|Fig. 9. Essentially every piece of diagnostic data a clinician might need is present in this Topcon Maestro2 report, including true color and red-free fundus photography. Click image to enlarge.|
Topcon’s OCT platform offers a plethora of reports, but I especially like the one included here due to the abundance of data and inclusion of the color and red-free photography (Figure 9). The RNFL analysis is broken into a typical 12 o’clock and four quadrant setup like the Cirrus platform. The disc topography analysis offers age-matched normal comparisons as well. Topcon, like Heidelberg, also offers the Hood report for clinicians who prefer the shifted circumpapillary RNFL and simulated threshold map. Topcon’s Hood report does differ slightly from Heidelberg’s as a larger area of the retina is scanned, and the threshold overlay that is included on the Maestro differs from the Spectralis.
Unless the exclusion of angiography at present is a dealbreaker, the Maestro2 should be on the short list for the practitioner considering adding OCT in their office.
|Fig. 10. RNFL thickness map comparison. Left to right: Zeiss Cirrus 6000, Topcon Maestro2, Optovue Avanti, Heidelberg Spectralis. The colors represent deviation from each device’s normative database. The Topcon and Zeiss images highlight the RNFL wedge defect by the blue streaks superotemporally. All four instruments will ultimately detect the RNFL defect, but it comes down to personal preference in how you use the data and visuals to get there. Click image to enlarge.|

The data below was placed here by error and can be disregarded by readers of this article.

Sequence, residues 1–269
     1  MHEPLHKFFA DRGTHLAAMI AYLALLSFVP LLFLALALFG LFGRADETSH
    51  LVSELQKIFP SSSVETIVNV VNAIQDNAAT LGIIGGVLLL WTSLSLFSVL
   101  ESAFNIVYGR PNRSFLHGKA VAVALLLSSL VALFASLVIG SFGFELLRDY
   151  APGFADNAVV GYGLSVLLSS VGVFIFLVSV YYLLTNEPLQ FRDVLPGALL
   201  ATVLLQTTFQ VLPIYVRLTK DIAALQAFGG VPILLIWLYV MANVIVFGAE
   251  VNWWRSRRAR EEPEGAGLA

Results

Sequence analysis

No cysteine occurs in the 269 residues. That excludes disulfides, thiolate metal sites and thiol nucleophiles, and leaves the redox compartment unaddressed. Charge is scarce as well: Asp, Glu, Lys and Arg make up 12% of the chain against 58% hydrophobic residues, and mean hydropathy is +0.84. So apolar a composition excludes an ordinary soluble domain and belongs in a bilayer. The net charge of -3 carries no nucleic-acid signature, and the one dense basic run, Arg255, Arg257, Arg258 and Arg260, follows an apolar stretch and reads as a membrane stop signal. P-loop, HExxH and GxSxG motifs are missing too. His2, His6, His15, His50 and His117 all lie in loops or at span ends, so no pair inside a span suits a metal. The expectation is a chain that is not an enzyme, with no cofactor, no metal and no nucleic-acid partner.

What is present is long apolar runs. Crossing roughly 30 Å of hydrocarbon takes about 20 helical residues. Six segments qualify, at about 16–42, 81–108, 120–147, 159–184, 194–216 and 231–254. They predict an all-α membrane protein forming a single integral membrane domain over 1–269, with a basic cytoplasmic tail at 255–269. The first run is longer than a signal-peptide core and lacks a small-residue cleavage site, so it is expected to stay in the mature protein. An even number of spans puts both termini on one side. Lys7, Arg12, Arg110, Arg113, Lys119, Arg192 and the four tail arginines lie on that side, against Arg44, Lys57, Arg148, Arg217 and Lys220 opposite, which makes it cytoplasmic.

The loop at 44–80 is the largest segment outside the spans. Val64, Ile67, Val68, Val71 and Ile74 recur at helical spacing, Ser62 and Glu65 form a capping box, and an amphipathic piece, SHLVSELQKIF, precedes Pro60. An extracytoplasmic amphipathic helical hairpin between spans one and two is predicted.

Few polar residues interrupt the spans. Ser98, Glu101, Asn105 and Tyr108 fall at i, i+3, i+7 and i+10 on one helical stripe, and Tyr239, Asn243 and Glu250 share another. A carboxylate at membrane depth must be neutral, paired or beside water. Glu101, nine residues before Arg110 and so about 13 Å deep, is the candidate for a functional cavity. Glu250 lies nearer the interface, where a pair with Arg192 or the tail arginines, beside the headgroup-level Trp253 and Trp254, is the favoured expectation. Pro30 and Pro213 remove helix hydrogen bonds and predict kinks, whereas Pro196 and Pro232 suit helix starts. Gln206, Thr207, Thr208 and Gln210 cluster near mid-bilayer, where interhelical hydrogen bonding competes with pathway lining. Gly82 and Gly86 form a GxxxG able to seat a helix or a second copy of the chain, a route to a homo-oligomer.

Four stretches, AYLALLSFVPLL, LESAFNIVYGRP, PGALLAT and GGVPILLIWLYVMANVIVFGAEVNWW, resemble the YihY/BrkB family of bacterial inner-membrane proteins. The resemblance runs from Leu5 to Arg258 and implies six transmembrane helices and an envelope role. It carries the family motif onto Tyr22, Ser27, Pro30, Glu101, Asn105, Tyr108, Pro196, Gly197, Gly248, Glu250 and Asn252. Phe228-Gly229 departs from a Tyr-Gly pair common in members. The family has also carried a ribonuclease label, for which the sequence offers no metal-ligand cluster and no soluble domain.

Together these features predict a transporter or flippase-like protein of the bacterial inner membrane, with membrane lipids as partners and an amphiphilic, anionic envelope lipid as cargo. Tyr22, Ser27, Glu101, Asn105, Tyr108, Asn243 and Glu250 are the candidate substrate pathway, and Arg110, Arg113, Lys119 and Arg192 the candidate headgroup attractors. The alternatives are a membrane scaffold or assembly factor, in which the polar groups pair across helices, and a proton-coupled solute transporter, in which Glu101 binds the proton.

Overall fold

Zeiss Cirrus 6000
We’ve been using the Zeiss Cirrus 4000 in our office for almost eight years, so we are quite familiar with this platform. Nonetheless, I was still impressed with the upgrades Zeiss has added to its OCT family.
The Cirrus 6000 is still a remarkably easy platform to use and to train your technicians to operate, and certainly images and processes much faster than our current model. It boasts one of the smallest footprints yet to date. The layout of the instrument is similar to previous versions, with the technician sitting to the right of the patient. The speed of the instrument approaches that of the swept-source OCT units in the research facilities, with the company reporting speeds of nearly 100,000 scans/second.
I was pleased to see that the reports have changed little from our older-model OCT. This makes comparing data in the future when upgrading instruments seamless to the clinician and avoids any mental arithmetic when trying to compare apples to oranges.